At what point have I unsulated a wall enough where I start to get less heat loss.?
Maybe someone can tell me, I have an old house I've got torn down to the studs in spots. As I insulate I have been wondering at what point does my insulation and heat loss start to balance so further insulation starts to reduce heat loss. I'm sure in the beginning the heat loss over the area of uninsulated wall is such that even though I add insulation the amount of heat loss hasn't changed, I'm curious at what point does it start to change. I might be over thinking it or I might be wrong but I'd appreciate it if someone with more physics and math knowledge than I have could explain it.
- StevenLv 710 months ago
Assuming you have insulated the walls, floor and ceiling, your windows and doors are probably the culprit. Single pain glass is useless, double pain glass is fair, triple pain glass is recommend. The best insulation requires staggered studs so that no stud contacts both sides of the wall. Be sure your walls have a poly vapor barrier and all electrical outlets are sealed. Heat is like water in a bucket: there is no point adding more insulation to one side if there is a big hole elsewhere..
- D gLv 710 months ago
to properly insulate you have to cut out air flow through walls and recepticles and aother oapenings too.. you will probably not be too far.. but there is another consideration as you seal the house to heat loss you must make sure aire flows in through heaters or other vents to allow air to be exchanged
- oil field trashLv 710 months ago
You just fill in between the studs with what ever thickness matches the stud size. An old house is probably 3.5 inches. of thickness. Many newer homes or additions to older ones can be 5.5 inches.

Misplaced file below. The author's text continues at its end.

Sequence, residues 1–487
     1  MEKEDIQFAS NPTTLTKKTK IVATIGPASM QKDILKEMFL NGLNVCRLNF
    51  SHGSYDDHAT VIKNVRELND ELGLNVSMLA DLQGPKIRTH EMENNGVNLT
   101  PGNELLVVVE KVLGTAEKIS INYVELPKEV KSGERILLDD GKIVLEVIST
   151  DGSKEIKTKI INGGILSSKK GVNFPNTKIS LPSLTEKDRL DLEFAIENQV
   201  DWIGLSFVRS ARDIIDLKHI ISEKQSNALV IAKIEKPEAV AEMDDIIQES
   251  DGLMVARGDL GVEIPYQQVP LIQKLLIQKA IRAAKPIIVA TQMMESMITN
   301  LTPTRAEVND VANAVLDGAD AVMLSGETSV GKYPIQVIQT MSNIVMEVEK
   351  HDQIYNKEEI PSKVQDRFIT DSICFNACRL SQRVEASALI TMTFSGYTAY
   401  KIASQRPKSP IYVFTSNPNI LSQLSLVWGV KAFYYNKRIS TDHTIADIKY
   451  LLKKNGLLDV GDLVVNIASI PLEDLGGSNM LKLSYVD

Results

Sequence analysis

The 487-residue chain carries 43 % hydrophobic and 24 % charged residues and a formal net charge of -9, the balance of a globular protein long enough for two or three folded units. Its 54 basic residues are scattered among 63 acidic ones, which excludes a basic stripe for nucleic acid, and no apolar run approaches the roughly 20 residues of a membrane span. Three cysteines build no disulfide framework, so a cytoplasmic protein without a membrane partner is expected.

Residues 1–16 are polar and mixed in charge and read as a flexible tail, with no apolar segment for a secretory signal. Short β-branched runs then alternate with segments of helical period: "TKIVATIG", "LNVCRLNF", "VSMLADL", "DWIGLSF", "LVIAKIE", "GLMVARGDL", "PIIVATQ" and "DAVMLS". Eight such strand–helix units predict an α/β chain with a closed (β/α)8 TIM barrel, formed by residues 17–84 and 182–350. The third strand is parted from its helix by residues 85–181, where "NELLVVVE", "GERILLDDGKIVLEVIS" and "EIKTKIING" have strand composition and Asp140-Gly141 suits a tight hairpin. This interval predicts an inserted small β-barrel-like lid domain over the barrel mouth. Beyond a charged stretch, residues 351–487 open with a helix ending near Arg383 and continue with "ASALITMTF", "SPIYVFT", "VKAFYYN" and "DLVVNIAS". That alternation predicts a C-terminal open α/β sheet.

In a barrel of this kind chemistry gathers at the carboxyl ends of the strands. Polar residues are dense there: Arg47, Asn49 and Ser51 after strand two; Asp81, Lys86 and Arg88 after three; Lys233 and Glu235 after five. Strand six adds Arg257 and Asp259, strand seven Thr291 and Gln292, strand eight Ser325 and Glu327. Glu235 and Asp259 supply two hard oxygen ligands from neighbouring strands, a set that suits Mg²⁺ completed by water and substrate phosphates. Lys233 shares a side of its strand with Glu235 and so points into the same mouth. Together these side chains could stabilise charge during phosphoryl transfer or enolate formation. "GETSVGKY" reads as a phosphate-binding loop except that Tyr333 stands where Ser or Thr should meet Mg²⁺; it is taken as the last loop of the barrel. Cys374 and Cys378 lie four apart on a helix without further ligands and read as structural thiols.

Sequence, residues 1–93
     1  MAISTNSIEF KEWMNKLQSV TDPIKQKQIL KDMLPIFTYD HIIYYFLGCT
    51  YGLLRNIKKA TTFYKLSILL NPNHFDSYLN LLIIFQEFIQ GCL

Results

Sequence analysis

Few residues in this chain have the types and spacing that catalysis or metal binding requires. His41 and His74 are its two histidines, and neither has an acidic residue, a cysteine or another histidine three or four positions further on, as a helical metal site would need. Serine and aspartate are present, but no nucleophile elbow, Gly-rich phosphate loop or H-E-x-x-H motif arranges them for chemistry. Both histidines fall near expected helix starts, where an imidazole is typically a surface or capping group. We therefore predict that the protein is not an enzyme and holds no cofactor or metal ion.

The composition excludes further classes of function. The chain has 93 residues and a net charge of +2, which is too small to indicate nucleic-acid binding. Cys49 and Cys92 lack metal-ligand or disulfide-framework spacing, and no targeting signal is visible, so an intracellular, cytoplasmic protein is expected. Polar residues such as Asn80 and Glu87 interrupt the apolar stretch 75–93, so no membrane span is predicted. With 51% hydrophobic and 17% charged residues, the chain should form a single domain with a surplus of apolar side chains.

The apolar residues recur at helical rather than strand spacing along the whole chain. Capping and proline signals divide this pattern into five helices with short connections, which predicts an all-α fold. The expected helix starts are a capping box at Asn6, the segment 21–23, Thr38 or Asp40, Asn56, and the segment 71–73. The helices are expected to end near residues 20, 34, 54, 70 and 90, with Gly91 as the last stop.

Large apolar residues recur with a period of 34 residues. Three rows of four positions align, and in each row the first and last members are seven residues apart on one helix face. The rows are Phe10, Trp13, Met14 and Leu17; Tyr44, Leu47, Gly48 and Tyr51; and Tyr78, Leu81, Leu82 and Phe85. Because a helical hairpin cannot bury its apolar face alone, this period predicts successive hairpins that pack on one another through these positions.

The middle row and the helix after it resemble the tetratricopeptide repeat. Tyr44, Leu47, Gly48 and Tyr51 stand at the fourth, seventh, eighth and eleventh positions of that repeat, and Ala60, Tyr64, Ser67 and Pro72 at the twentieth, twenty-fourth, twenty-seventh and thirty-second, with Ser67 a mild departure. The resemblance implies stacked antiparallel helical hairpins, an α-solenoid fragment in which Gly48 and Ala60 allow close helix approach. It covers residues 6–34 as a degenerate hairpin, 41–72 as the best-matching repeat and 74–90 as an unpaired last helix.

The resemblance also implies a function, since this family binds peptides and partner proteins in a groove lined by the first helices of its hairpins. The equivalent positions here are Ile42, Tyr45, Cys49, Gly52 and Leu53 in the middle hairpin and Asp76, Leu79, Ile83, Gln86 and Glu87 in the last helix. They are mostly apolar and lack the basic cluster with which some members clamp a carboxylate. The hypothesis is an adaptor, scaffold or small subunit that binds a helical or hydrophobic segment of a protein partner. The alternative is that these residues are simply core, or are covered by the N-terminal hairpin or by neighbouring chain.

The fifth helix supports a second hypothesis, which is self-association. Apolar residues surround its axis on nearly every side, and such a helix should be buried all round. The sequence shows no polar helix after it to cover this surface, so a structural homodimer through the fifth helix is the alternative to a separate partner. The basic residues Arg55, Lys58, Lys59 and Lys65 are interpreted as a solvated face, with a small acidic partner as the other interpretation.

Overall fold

What amount is optimum is a complex calculation since the place where you live, the cost of energy and even the square footage of walls or ceiling has an impact on the optimum amount of insulation. The type of insulation and its cost is the other variable.
- Anonymous10 months ago
Heat loss starts going down with the first layer of insulation. the amount that every extra layer reduces is less and less.
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- billrussell42Lv 710 months ago
You are overthinking it.
Any insulation helps, there is no cutoff point as you imply. The relationship is very linear. Two inches of insulation provides half the heat loss as one inch, for example. 4 inches 1/4 the loss of one inch. or, 4 inches of R40 provides half the heat loss as 4 inches of R20, to make up numbers. As others said, use the insulation rating (or higher) required in your area. Be sure to seal around the edges, outlets, pipes, etc.
- 異域秦後人Lv 710 months ago
INSTALL AT LEAST ONE FOOT OR MORE THICKNESS FIBER GLASS TO COVER THE WHOLE WALL. AFTER COMPLETION, TEST THE WALL TEMPERATURE WITH A LASER BEAM TYPE TEMPERATURE MEASUREMENT TOOL TO MAKE SURE THERE IS NO HEAT LEAKAGE ALONG THE WALL,JOINTS AND EDGES.
- PhilomelLv 710 months ago
This is dependent on where you live and the temperatures, Hi and low, in your area.
You may want to ask at your city building department. Too much is a waste of time and money, too little won't pay back sufficiently.
Make sure you include a moisture barrier.
Don't commit anything to the building department. They may want a building permit. Just tell them you are researching for an article in a paper or book.
To answer the basic question, any amount of insulation reduces heat loss.
There is a basic point where more is uneconomical.
- babyboomer1001Lv 710 months ago
R19 is standard for walls - code. R40 is standard for ceilings. If you don't want to lose square footage in your home, don't add to it. Just use the R19. That's standard in the desert so it is probably code in the north too. Check the code where you live and use that, just in case it is more than R19. You should really put in what's code in your area.Source(s): Have done a lot of renos and addition work.
- MorningfoxLv 710 months ago
The insulation starts working, a little bit, as soon as you put some on. It's not like putting on a bit makes things worse. But the effect is pretty small until you get to where 10% - 20% is covered. Even then the effect is small. You need insulation on at least 50% of the outside walls and ceiling, to make it really worthwhile.